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November 22, 2005

don't corner that cat.

i'm taking moses to the vet every tuesday and saturday morning for a series of shots to help his arthritis.

i usually try to get there quite early, because it's faster and quieter. this morning i slept through til 8, so i didn't get there til 8:30, which is when things start to get busy.

first there was a woman with a very small cat to be spayed. it took an act of will on my part not to serriptitiously photograph this woman with my cameraphone; she was wearing a coat comprised entirely of 2×4 inch squares of brightly colored, boldly patterned, and completely mismatched fabrics. several of the squares were torn and flapping loose. this covered most of her form; peeking out below were pants two inches too short and pilgrim shoes. i swear, even at my worst and most eccentric, i would not have worn such a thing.

as i was waiting to pay, a woman entered with a large dog. the dog was on a leash, but in the very small waiting room, the amount of leash he was being given exerted no effect on his movements at all. he made a beeline for moses' carrier, shoved his nose at the front grate, and was promptly swatted.

i moved to stand in front of the carrier. the woman failed to shorten the dog's leash and he lunged for the carrier again. i wasn't sufficiently in his way and he got swatted again.

it seemed to dawn on the woman (though not the dog) that keeping the dog away from my cat would be a good idea. the crazy coat lady invited her to come stand next to her cat, which she did.

the door opened and a man (who apparently knew the dog and the woman) walked into the waiting room. the dog lunged for the man and the woman let the leash slide through her hands.

once the man was done greeting the dog, the dog headed for moses again. i had stepped up to the counter to pay, and was no longer standing in front of the carrier. the dog was swatted a third time.

the man took the dog out for a walk. i paid, and left. moses assumed a crash position for the remainder of the ride home.

i learned a few things.

Posted by lisa at November 22, 2005 12:45 PM

Comments

i was unaware of your belief that dogs are smarter than cats.

care to elaborate?

Posted by: xta on November 22, 2005 03:21 PM

Their heads are bigger. bigger head = bigger brain. bigger brain = greater capacity for intelligence.

I think the fact that dogs seem to respond better to discipline than cats do is a sign of intelligence.

Posted by: lisa on November 22, 2005 03:40 PM

So sorry Moses needs shots for his arthritis. This time of year is really hard on old bones. Have you considered acupuncture, either in addition to or in place of the shots? It's done wonders for Thirteen.

Inattentive dog owners suck. They ruin it for the rest of us. If I were in your place, I would have said "no!" to the dog, then if that didn't work, "do you MIND controlling your dog?" to the owner. Although I'd have to be in a really bad mood to do the latter.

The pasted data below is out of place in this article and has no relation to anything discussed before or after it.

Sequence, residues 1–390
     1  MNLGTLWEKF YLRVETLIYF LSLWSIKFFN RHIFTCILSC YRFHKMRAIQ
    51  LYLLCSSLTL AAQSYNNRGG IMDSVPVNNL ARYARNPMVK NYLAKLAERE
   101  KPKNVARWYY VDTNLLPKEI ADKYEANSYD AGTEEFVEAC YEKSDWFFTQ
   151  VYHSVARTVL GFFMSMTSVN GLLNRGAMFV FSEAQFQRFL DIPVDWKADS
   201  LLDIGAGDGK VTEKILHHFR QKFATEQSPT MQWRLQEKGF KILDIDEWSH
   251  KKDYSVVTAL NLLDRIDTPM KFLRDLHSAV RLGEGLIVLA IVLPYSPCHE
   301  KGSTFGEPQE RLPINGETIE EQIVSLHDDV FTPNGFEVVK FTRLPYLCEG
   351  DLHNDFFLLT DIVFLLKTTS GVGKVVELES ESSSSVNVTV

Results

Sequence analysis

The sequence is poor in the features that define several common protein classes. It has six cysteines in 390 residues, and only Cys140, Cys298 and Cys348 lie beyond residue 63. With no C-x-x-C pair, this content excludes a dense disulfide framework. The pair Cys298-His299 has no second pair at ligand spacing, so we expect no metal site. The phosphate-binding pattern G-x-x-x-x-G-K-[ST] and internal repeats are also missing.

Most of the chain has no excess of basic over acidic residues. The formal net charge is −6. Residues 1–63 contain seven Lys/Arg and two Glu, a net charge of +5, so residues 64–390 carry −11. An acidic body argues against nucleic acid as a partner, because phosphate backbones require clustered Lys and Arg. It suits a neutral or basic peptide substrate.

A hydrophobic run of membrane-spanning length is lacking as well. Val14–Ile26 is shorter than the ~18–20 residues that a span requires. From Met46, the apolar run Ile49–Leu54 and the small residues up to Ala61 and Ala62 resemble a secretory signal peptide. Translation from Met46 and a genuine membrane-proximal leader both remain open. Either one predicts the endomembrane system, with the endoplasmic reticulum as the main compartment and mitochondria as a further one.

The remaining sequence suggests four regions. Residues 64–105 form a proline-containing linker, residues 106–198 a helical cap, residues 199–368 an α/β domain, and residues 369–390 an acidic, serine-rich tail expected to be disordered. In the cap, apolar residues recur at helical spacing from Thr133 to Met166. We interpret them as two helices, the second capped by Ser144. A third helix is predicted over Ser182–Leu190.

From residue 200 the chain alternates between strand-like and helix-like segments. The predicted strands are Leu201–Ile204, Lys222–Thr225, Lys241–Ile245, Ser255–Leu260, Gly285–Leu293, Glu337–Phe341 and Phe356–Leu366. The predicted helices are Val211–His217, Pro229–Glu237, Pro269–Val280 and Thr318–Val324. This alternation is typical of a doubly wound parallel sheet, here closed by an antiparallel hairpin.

I don't think that dogs are more or less smart than cats as a whole. I think dogs have been bred for a different type of intelligence (performing tasks on command) than cats (solitary hunting). I do think dogs care more about pleasing humans, which is why they respond so much better to training and discipline.

I also don't think head size is such a great indicator of intelligence. If it were, wouldn't cows be smarter than us? And wouldn't whales be like 1,000 times smarter than anything else? They would be like gods :)

Posted by: Sarah on November 22, 2005 04:32 PM

It's only in the last year that I've had much exposure to dog owners and their opinions on training, discipline, and etiquitte, so I don't feel comfortable telling a dog owner how they should handle their dog when on the spot. In retrospect, it seemed very clear to me that that dog owner should have been doing a much, much better job of controlling her dog, but at the time, i didn't think about it.

right now his arthritis is pretty mild and the medication he is on is very mild with very low chances of side effects. my vet and i discussed acupuncture, but not only would getting moses to the acupuncturist represent a significant hardship for me, but my vet said that it simply isn't as effective in cats as it is in dogs.

this is a 6-8 week series of shots to see if we can get rid of that limp he's had since summer. hopefully in a few weeks, we'll be slacking off on the frequency. even before these injections he was a fairly agile kitty given his age, weight, etc.

points well taken on dog intelligence vs. cat intelligence. i think that stimulation and training have a great deal to do with how intelligent an animal appears. and i have met some cats who were strikingly intelligent. moses is not one of them, however :)

as for head size, maybe whales are like gods, and we're just too dumb to realize it!

Posted by: lisa on November 22, 2005 04:43 PM

Since I have lived here I have taken my cats to a vet's office that has a "just for cats" side. Actually it's "just for cats and birds" but the occasional bird makes it a happier trip for the cat. I have had several experiences of calming a very frightened, shaking kitty after being in a room with a Doberman or a German shepherd; they get scared enough without the added stress of Big Dog.

My best to Moses!

Posted by: minty on November 23, 2005 07:27 AM

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